He’s played every snap since, including throughout Cleveland’s winless season in 2017.

“I was here during the 0-16 year,” Tretter said. “The amount of work and effort and pain that you put in and take on to go out and play on Sundays, to lose is always kind of just a kick to the gut. So that's always a frustrating part. And a win gives you that little taste of glory and I think that's just something where we need to get back and get a couple wins under our belt and just get that positive momentum going.”

The Buffalo News caught up with Tretter this week for a discussion about the state of the Browns, playing with Mayfield, the concept of “too much pressure,” facing his hometown team, whether he’d consider re-signing in Cleveland and more.

This conversation has been lightly edited for clarity and brevity.

BN: You’ve played every single snap since you signed with the Browns in 2017. How much pride do you take in that, especially considering you dealt with several injuries in Green Bay?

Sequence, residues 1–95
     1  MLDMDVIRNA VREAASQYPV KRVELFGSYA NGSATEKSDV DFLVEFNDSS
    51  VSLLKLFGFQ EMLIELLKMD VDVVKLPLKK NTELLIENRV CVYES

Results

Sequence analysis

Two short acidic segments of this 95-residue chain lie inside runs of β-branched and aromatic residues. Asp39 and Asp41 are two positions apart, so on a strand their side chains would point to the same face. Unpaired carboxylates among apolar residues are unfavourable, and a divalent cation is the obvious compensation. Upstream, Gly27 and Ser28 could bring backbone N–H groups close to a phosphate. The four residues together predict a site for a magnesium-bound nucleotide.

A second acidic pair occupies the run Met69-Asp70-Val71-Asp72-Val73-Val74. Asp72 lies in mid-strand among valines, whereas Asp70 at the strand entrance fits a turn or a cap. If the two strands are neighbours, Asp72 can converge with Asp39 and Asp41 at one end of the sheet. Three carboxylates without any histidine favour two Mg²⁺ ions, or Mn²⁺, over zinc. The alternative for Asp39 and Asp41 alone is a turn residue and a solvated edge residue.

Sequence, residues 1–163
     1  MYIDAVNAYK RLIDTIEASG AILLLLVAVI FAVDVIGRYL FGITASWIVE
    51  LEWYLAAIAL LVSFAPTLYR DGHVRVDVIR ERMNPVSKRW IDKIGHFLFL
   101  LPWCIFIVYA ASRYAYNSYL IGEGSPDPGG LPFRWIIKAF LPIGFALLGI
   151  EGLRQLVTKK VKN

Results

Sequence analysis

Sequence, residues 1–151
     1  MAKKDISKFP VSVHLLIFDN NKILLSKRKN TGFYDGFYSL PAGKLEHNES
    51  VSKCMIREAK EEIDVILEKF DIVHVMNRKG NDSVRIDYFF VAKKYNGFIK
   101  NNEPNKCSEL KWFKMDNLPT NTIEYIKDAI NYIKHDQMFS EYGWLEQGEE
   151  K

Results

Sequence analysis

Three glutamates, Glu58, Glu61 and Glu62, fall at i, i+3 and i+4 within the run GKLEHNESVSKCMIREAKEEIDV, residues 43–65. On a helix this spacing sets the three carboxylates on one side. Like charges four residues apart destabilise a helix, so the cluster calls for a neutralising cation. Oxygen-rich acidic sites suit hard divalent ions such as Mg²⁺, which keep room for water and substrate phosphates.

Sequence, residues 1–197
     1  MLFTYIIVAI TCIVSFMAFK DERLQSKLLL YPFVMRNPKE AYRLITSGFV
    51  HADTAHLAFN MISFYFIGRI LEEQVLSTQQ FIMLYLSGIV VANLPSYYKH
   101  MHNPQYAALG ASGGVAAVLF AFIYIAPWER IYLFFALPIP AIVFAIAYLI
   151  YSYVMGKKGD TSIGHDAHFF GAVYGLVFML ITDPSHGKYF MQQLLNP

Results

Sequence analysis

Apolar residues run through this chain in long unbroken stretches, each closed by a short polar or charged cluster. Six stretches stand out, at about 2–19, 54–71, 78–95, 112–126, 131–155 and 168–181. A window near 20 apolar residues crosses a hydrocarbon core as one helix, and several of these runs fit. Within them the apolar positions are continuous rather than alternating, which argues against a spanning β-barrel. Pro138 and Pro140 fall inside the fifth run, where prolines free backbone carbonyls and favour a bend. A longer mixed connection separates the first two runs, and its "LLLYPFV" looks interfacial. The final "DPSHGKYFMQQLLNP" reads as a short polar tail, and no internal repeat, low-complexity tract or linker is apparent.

JT: For an offensive lineman, there’s not really any stats or anything to go off of and I think something all offensive linemen take pride in is availability and being out there for your teammates and trying to help the team win however you can. I got banged up quite a bit in Green Bay, so it's been nice to kind of stay relatively healthy, at least healthy enough to go out there and try to help the team any way I can. It's definitely something that I pride myself on, trying to play every snap.

BN: What's it like working with Baker Mayfield, and how has your relationship developed?

JT: I love Baker. Baker's as genuine a guy as you'll find. He's got a really magnetic personality. Guys want to be around Baker, want to hang out with Baker. He’s just a really good guy, a really good leader, and he's done a great job since coming in here as a rookie last year, of bringing his charisma and his attitude in the locker room and guys love it.